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jOMiMojrn upcu the Altar of God, .tenia! hostility to every form of Tyranny over the Mind of Man.Ti
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FARRIERS' WORK FQR OCTOBER.
On the Farm.
This is the month, as every good Farmer
knows, in which all our energies should be
put forih, For besides saving that which we
Jiave already made, mur.h must bo done to
laylhe ground work of next year's crops;
and with a view oF bringing its appropriate
labors to the notice of our rea'ders, we will
endeavor briefly to detail tlicm.
A3 opportunity presents itself, all stiff,
clayey grounds intended for spring culture,
should Lc' ploughed up this and the ensuing
month. By ploughing 7 inches deep and
taking furrows 0 inches wide, tho furrows
will be laid at ait angle of about -15 degrees,
the best possible position at which ground
can bo laid to receive the greatest amount of
benefits from tho fertilizing effects of win
are always infinitely better suited to the
purposes of spring culture than if left un
touched. But besides the advantages aris
ing from the mellowing effects of the weath
er, much less work will havo to be done in
the spring when time is valuable.
Gathering of Conn ,
If y.our com is sufficiently hardened, it
E hould bo got in the latter end of this month;
iy so doing you save much from tho rava
ges of crows and those animals that prey
iipon tho cornfields; and in addition to this
you are enabled to turn your stock into
your corn fields at a timo before vegetation
i3 destroyed, and thus by ihe time winter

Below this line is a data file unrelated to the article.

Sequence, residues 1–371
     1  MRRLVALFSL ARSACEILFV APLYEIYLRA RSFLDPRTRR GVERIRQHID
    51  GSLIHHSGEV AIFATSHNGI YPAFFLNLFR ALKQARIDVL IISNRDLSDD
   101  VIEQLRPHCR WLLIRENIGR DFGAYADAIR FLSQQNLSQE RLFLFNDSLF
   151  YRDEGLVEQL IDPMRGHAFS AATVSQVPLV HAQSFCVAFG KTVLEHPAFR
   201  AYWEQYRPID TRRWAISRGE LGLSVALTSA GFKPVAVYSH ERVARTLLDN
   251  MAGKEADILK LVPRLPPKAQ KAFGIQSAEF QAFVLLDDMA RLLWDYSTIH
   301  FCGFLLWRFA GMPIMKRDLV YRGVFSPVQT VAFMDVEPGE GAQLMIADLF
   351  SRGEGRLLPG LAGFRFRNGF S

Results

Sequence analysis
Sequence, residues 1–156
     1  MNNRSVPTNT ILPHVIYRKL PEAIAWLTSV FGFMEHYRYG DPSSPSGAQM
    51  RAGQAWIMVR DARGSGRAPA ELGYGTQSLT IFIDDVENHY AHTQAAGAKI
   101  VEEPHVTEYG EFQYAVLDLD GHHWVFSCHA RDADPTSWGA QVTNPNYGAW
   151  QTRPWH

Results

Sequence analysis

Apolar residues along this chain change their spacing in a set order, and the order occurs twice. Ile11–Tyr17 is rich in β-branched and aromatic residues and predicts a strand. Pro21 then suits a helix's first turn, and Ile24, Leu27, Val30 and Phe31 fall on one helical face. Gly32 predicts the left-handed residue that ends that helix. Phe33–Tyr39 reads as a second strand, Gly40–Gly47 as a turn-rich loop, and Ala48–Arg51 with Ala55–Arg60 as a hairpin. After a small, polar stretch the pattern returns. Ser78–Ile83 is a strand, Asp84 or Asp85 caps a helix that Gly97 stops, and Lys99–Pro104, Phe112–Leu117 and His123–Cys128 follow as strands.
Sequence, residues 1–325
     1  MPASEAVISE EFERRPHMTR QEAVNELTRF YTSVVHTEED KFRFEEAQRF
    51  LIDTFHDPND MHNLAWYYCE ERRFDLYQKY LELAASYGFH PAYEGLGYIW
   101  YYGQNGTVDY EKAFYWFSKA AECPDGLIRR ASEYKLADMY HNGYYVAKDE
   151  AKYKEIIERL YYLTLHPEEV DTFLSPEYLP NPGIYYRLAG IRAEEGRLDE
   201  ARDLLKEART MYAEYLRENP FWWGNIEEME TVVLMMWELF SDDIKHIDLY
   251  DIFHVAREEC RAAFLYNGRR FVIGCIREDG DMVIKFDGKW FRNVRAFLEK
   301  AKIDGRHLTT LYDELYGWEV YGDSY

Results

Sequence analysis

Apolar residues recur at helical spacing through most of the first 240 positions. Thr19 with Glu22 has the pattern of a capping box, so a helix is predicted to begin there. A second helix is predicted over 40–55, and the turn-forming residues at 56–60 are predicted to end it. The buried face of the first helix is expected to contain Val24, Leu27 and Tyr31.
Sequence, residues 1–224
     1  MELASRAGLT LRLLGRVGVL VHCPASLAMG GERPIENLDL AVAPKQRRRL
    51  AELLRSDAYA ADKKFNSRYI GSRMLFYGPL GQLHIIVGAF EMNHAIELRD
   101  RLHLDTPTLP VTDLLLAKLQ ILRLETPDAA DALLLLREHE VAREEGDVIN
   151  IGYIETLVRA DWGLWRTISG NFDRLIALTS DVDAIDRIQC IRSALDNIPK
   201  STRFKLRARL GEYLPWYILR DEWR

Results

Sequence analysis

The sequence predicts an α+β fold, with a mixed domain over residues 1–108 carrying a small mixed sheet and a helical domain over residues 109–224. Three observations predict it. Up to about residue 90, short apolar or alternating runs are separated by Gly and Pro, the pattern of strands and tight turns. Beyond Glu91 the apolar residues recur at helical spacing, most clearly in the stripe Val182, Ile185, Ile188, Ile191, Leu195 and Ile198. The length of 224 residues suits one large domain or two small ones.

comes on they are put in good condition to
enter upon the ligors of thai inclement and
pinching season of the year, a tiling that ev
eiy husbandman should have an eye to; for
if at the corHmencemcnt of the foddering
seaspn they be in good plight, tho probabil
ity of Ihejr. going through that trying period
will be infinitely greater. ,
Gathering and Curing Fodder and Tops.
No time should.be lost in gathering your
-blades and topsfiand recollect that as soon
- as they aroltfrf, they should be brought in
from the 'fieuahd placed out of the weath
er, riy protecting them from rain, you
add greatly to their intrinsic value- as pro
vender, besides rendering them much nioio
palatable for your stock of all kinds.
Gathering and Preserving Potatoes,
As soon as your potatoes are fit for dig
ging, take them up) and be sure to put them
away with a3 little exposure to the sun as
possible, and care should be taken to bruise
them us little as possible.
By stirring the earth around your turneps
earlv this month, Vou will add much to
their growth and increase their product.
Reds, Pttrsnips and Carrots.
These roots should all bo taken up and
put away this month. . .
As your Pumpkins ripen; gatlier them
and put them away in a dry warm room.-
It is important that they be housed before
being exposed to the frost of the field.